Abu Qatada’s victory incites extremism on both sides

Abu Qatada is the winner on two fronts: on an individual level and also in succeeding in undermining our democracy

Has Qatada had the last laugh?
Tom Wilson
On 13 November 2012 14:20

The images of Abu Qatada smirking to himself, and indeed perhaps to us, as he was driven from the court ruling that allows him to remain in the UK, should have been enough to rile anyone. Indeed, with the exception of a few fringe human rights groups and ultra-Left commentators it feels as if the entire country is united in its opposition to this man remaining in our land.

And yet he remains here all the same and today is released on bail from Long Lartin Prison.

That this man is a dangerous and hostile figure is hardly in dispute. Described as Osama Bin Laden’s ambassador to Europe and having been implicated in terror cells in Chechnya, Germany, Tunisia as well as in his home country Jordan, and indeed in the 9/11 attacks, his terrorist credentials are quite impeccable.

And indeed for those who now only give any weight to the rulings of transnational bodies it should be recalled that even the UN has sanctioned Qatada as an associate of both al-Qaeda and the Taliban.

Yet, laughably, following the ruling Qatada could stay in Britain, his solicitor, Gareth Peirce, pleaded: “I think the time has come in the world, with the conflicts in the world, for us to talk to each other and understand each other and enter into dialogue, and perhaps nothing is as black and white as it is painted” – A statement of such astonishing moral relativism that one doubts whether even Peirce can really believe a word of it. After all, what’s not black and white about his client having called for the murder of Americans, Christians, and Jews?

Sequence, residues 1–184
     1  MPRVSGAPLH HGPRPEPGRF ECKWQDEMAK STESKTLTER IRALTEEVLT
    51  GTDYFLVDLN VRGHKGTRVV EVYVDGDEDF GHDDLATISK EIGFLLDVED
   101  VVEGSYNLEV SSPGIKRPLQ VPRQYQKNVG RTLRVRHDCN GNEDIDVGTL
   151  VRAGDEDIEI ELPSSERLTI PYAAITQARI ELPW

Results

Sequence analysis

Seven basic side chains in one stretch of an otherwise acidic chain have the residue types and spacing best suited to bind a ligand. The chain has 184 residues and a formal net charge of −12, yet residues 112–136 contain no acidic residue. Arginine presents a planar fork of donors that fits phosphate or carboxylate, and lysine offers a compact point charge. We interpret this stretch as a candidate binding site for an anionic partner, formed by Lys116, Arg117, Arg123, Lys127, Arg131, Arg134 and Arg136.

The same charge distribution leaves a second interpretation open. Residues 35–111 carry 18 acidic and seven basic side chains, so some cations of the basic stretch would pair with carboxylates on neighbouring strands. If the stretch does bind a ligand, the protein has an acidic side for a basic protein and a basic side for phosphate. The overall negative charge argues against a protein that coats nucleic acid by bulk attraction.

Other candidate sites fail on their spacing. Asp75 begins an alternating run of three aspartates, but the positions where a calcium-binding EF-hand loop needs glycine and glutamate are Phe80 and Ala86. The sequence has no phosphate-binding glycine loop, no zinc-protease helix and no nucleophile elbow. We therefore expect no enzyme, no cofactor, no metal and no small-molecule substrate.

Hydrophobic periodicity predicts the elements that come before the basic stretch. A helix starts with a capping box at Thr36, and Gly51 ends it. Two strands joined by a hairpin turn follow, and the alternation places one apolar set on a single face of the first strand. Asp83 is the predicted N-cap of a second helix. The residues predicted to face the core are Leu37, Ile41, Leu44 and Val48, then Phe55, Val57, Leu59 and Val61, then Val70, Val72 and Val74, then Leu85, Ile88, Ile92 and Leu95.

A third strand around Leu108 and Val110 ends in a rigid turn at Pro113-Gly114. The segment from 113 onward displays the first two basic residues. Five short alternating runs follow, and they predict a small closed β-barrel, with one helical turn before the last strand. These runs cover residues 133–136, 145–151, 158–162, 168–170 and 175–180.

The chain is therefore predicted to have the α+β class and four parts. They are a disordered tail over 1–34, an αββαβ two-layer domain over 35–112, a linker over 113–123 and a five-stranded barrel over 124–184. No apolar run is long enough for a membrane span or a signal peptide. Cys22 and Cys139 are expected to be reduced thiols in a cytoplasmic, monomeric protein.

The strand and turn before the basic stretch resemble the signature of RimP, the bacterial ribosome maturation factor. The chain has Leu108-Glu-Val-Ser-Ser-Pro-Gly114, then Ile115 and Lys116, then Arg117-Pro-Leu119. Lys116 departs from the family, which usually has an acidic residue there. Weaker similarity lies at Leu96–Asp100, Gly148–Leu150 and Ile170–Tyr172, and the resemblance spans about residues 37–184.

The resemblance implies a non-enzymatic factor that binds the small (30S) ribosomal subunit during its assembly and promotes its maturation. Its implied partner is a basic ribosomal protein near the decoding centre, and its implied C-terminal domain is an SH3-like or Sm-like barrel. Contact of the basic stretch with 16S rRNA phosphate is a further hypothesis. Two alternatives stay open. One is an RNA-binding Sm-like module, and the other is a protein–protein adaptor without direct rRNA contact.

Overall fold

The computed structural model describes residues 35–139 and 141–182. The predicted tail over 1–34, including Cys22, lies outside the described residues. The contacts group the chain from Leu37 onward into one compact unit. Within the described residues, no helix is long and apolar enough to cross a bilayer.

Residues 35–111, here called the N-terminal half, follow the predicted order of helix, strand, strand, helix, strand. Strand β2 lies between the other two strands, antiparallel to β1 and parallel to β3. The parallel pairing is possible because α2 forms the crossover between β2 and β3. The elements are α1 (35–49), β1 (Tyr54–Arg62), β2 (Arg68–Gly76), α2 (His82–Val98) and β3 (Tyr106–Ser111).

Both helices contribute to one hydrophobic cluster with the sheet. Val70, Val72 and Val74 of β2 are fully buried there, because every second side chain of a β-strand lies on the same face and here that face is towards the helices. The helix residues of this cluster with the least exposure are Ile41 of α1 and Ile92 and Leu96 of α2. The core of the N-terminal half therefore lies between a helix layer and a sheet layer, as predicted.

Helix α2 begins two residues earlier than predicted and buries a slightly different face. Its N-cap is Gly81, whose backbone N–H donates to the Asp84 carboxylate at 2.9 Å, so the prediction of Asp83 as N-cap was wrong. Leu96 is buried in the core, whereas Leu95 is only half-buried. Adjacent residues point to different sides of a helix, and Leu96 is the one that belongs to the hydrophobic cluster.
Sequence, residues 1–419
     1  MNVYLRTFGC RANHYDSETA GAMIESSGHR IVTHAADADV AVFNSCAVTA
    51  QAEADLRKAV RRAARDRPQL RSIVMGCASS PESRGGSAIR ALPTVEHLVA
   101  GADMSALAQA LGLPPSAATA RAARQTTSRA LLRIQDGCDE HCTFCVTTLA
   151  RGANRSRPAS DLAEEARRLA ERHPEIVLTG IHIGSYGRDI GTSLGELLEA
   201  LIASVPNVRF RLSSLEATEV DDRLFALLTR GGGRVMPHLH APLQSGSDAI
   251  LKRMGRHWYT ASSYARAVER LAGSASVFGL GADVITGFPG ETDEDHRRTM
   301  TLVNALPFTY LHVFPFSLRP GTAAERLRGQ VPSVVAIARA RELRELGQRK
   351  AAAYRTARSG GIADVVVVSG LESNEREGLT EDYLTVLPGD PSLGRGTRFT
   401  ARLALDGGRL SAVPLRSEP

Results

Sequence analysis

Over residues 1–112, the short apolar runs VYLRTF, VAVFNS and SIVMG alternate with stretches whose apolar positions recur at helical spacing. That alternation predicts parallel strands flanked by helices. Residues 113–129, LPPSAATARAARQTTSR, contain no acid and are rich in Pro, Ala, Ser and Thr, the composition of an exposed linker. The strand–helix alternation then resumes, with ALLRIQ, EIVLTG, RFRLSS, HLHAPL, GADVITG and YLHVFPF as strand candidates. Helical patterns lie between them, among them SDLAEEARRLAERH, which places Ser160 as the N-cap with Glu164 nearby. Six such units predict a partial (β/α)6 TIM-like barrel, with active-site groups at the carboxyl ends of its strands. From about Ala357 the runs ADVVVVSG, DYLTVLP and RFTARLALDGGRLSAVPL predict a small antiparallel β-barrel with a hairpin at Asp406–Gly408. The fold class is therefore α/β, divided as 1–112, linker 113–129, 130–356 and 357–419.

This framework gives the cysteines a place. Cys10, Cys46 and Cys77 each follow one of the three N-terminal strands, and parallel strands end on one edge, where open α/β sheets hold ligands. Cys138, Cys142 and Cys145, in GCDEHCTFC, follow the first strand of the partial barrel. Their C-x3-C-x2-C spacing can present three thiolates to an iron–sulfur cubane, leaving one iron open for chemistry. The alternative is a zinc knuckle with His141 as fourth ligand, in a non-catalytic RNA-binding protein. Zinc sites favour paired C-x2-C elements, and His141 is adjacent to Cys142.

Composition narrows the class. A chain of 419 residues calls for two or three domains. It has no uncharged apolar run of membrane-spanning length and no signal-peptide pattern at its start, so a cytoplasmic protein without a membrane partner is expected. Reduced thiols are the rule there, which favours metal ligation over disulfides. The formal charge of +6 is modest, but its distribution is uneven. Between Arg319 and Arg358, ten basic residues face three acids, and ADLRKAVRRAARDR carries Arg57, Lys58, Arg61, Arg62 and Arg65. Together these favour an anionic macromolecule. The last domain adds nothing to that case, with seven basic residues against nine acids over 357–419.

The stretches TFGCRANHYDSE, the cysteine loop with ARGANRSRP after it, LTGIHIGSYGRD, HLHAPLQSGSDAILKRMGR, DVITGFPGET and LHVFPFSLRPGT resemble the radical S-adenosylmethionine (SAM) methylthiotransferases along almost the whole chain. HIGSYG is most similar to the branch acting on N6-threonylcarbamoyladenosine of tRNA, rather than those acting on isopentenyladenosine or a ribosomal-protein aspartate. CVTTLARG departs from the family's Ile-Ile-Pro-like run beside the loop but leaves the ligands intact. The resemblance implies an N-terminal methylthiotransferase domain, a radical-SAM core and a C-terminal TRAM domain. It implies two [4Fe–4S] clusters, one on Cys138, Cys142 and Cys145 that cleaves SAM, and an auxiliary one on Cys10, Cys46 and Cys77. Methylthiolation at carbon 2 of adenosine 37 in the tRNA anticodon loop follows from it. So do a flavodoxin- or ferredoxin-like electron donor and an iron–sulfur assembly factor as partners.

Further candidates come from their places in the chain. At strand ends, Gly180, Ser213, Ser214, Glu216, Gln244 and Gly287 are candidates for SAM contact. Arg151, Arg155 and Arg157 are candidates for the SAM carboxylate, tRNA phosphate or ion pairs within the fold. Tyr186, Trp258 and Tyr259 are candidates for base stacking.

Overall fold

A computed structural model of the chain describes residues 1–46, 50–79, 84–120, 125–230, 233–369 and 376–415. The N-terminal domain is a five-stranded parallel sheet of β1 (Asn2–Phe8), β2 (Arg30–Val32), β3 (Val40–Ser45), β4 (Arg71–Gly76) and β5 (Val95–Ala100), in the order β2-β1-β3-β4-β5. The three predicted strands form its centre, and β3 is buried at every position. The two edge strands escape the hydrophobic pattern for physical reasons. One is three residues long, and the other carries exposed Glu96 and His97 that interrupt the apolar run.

If it wasn’t all so tragic it would almost be funny, and yet this ruling has serious consequences for all of us. That Qatada’s presence here has in the past and at this rate may once again be a force for radicalizing young Muslims is clear; radicalising the Islamic population is Qatada’s profession.

But what about Qatada’s effects on radicalising people on the other side of the spectrum: the British far-right? This is something that the handful of left-leaning liberals who defend Qatada seem not to have considered.

It is only natural and justified that the vast majority of the British public should feel outraged at Qatada’s ongoing presence here. The tabloid press have naturally found much capital in this story and as they call into question the validity of the asylum system and human rights activism one almost feels glad that these things are being put on the agenda. The fact that Qatada’s family has cost us all £500,000 in benefits is not to be shrugged off so lightly. (It’s worth also noting that the Daily Mail is today reporting that keeping ‘an eye on’ Qatada will cost the taxpayer £5m a year)

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